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Old 18th September 2008, 04:30 PM   #1
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Default Testing vs listening

Has anyone had a "conflict" between what test's good (imperical) and what sounds good (subjective)? And did the test indicate the characteristic that caused the conflict?

Might slight variations in freq. response be something some of us desire ? Just curious...
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Old 18th September 2008, 05:08 PM   #2
lineup is offline lineup  Sweden
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there is no better listener
than one good hi-fi test microphone

even if some, strictly subjectively, likes to think the human mind is so superior to everything
in determine true signal quality
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Old 18th September 2008, 06:17 PM   #3
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Default Re: Testing vs listening

Quote:
Originally posted by cathode_ray
Has anyone had a "conflict" between what test's good (imperical) and what sounds good (subjective)? And did the test indicate the characteristic that caused the conflict?

Might slight variations in freq. response be something some of us desire ? Just curious...
Yes.
While measurements are a good guide, they don't measure everything.
Some things are ignored. It is assumed by some that it's inaudible.
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Old 18th September 2008, 06:21 PM   #4
ratza is offline ratza  Romania
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The best testing is made with yout built in ears If you're happy with the sound, then there's no point to measure them and see that... they are not liniar at all. After all, we build the speakers to listen to them, not to make measurements all day long.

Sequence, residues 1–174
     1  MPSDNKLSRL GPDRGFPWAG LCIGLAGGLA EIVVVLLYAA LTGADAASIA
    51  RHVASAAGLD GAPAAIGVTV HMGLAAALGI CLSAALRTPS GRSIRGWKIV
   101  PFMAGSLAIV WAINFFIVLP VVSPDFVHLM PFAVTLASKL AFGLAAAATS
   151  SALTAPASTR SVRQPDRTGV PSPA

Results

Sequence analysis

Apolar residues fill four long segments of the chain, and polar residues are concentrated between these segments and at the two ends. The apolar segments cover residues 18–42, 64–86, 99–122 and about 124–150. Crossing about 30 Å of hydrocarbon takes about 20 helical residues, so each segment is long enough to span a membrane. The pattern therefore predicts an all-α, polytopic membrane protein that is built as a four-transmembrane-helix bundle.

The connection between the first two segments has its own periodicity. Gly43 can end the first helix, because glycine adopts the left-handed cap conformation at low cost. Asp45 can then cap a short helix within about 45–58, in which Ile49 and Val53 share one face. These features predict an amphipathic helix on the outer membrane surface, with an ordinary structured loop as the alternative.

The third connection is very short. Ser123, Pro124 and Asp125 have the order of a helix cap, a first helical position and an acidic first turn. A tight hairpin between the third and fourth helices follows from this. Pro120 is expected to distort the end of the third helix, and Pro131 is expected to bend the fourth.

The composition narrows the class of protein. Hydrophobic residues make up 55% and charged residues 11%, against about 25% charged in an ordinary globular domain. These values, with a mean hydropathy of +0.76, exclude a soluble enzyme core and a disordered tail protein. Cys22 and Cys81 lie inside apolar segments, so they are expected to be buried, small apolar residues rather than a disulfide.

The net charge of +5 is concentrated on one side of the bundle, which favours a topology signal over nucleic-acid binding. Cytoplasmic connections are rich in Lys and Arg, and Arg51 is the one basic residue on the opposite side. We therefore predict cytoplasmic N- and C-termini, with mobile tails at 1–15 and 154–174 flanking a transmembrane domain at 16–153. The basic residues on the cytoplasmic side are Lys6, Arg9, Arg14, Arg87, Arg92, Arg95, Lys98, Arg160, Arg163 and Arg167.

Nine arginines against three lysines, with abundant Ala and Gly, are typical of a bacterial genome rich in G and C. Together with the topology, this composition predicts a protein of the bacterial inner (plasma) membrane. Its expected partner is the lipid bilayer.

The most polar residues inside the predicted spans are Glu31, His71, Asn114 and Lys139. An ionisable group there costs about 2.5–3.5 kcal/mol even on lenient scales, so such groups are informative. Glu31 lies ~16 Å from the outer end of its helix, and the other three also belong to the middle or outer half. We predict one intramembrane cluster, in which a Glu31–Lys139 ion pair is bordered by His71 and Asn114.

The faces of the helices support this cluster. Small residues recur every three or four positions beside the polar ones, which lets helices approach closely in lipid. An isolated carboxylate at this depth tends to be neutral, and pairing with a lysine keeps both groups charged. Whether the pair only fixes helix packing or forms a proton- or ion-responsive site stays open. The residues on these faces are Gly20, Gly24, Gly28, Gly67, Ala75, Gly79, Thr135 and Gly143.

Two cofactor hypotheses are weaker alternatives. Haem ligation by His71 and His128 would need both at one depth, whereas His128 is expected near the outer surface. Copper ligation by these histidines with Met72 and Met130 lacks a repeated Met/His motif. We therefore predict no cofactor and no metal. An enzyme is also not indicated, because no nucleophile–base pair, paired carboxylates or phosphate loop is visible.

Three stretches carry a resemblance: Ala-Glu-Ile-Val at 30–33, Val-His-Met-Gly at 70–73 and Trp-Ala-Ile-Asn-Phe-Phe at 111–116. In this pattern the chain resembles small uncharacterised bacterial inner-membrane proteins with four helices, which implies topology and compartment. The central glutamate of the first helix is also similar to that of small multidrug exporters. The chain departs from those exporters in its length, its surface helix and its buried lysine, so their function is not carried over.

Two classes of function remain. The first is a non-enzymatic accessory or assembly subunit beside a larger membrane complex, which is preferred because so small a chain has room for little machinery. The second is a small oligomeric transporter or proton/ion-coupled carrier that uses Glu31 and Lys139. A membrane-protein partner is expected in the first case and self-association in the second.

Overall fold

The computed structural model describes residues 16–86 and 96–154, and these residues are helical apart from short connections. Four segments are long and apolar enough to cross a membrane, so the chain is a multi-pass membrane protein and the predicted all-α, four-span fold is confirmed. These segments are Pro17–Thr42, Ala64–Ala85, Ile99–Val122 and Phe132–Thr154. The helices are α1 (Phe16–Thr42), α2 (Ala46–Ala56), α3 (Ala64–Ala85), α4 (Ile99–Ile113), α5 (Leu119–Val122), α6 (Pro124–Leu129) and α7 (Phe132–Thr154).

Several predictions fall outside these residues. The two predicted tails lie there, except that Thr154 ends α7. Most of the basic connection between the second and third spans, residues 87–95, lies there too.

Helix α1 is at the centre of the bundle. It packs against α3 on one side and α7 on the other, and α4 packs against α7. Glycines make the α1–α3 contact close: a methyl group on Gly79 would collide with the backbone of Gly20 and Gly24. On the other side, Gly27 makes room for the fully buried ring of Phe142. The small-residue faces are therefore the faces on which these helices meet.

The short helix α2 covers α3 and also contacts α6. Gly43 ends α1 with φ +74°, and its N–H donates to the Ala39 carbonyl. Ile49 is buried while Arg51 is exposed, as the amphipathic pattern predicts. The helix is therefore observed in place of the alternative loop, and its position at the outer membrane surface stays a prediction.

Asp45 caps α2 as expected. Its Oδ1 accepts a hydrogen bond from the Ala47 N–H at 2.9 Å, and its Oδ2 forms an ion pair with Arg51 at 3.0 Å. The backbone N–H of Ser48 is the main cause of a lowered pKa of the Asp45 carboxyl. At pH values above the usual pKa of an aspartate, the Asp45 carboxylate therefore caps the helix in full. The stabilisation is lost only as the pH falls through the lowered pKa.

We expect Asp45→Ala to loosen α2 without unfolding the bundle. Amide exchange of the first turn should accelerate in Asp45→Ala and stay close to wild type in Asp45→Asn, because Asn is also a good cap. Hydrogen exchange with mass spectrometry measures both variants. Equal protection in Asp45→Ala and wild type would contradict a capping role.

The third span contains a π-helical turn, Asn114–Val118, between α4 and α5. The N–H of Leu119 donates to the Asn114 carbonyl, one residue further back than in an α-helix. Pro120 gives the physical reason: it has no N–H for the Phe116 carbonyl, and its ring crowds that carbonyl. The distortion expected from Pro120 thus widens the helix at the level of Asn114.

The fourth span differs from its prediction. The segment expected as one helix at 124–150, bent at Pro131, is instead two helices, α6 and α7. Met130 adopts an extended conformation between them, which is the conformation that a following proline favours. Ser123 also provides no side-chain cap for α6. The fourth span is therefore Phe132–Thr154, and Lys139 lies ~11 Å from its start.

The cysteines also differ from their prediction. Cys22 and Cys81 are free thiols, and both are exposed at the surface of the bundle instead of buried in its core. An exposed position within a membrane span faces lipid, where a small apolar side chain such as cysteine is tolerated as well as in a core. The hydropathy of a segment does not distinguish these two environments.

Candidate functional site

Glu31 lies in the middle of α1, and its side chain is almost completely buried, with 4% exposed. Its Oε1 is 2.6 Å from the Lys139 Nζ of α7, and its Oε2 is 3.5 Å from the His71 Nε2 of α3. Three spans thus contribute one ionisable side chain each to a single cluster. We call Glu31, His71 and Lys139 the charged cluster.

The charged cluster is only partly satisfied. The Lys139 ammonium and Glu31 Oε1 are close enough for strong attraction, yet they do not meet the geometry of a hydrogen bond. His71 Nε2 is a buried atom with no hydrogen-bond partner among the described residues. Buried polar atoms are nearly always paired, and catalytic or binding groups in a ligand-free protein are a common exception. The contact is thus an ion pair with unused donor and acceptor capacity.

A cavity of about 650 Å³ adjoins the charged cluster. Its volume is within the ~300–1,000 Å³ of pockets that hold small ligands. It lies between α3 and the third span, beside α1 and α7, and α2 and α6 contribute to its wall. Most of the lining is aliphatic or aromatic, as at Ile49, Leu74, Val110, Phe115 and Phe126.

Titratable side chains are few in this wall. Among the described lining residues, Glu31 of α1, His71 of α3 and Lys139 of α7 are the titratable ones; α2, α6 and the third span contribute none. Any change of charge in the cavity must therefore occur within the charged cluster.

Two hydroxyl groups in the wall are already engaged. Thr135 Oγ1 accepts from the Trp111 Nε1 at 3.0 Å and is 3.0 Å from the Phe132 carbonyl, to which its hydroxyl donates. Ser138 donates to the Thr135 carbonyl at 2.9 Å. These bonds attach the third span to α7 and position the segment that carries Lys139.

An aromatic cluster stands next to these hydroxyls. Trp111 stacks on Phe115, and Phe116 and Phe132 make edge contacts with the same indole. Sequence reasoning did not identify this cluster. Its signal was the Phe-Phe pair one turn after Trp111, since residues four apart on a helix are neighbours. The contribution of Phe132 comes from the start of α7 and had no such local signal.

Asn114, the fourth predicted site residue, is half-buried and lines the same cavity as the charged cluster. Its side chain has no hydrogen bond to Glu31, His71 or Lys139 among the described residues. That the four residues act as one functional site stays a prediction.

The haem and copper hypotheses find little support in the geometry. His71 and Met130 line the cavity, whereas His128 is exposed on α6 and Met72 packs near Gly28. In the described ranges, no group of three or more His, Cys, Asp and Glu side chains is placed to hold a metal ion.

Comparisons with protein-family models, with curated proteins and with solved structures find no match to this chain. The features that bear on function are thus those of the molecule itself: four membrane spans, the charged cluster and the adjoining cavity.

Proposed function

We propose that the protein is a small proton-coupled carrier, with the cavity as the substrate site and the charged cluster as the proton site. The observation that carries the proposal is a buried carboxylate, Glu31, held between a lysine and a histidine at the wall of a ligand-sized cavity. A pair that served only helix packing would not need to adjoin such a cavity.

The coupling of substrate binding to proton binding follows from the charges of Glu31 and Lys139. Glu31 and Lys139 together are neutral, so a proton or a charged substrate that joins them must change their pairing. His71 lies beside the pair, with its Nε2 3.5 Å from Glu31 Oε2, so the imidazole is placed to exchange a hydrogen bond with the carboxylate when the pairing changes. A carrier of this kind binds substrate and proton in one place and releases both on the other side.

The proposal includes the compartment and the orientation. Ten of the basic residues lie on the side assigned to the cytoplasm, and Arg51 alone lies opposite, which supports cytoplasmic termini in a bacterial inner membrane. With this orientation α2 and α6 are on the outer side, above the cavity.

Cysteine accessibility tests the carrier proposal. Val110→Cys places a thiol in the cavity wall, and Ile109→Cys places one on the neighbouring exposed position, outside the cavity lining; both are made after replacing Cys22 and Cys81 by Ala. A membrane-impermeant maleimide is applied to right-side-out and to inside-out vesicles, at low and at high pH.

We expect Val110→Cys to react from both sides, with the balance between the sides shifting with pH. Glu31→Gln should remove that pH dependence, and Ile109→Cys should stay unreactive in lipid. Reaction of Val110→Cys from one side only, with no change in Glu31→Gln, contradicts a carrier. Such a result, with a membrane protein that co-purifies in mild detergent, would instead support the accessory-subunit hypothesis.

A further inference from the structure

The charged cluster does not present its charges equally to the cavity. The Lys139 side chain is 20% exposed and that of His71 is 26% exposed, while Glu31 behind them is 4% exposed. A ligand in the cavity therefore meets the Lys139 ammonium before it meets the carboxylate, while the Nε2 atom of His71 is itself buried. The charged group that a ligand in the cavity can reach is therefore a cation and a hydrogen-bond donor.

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Old 18th September 2008, 06:32 PM   #5
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I'm not "asking which is better". I realize there are often "un-measurables" and wonder if anyone had isolated aspects that may account for this ... Time alignment, freq. response(as stated earlier. Some like overstated bass, etc ...)

Re: "ears are best" - I take issue when I consider much of what people listen to these days.
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Old 18th September 2008, 07:19 PM   #6
lineup is offline lineup  Sweden
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Default test microphone setup

Nobody can deny that

Linkwitz is one authorithy in LoudSpeakers.
We use his name to refer to the Linkwitz-Riley speaker x-over filter.
Though the years he has produced numerous papers & investigations on the subject.

some stuff at his personal website.

A dozen ways to evaluate a loudspeaker.
http://www.linkwitzlab.com/Loudspeaker%20evaluation.htm

PHOENIX.
Build your own open-baffle loudspeaker system.
System Test.
Including test microphone construction and shaped toneburst testing.

http://www.linkwitzlab.com/sys_test.htm


By www.diyaudio.com member .....
Here is the correct way to do speaker testing
Photo by fotios our man in Greece (Hellas)
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Old 18th September 2008, 09:15 PM   #7
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I trust my ears more than a microphone when judging the sound of loudspeakers. However, my ears don't help as much as the microphone when designing loudspeakers.
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Old 21st September 2008, 05:18 PM   #8
djdan is offline djdan  Romania
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I have this kind of dilemma, every time when I work at a new loudspeaker design.

First of all, it is vey important to know what it really happen.
Hearing it is a little bit tricky, and it isn't the best way to start a project, in my opinion. It is true, we make loudspeakers for music, but when we make something like that, we need more than a "golden ear" .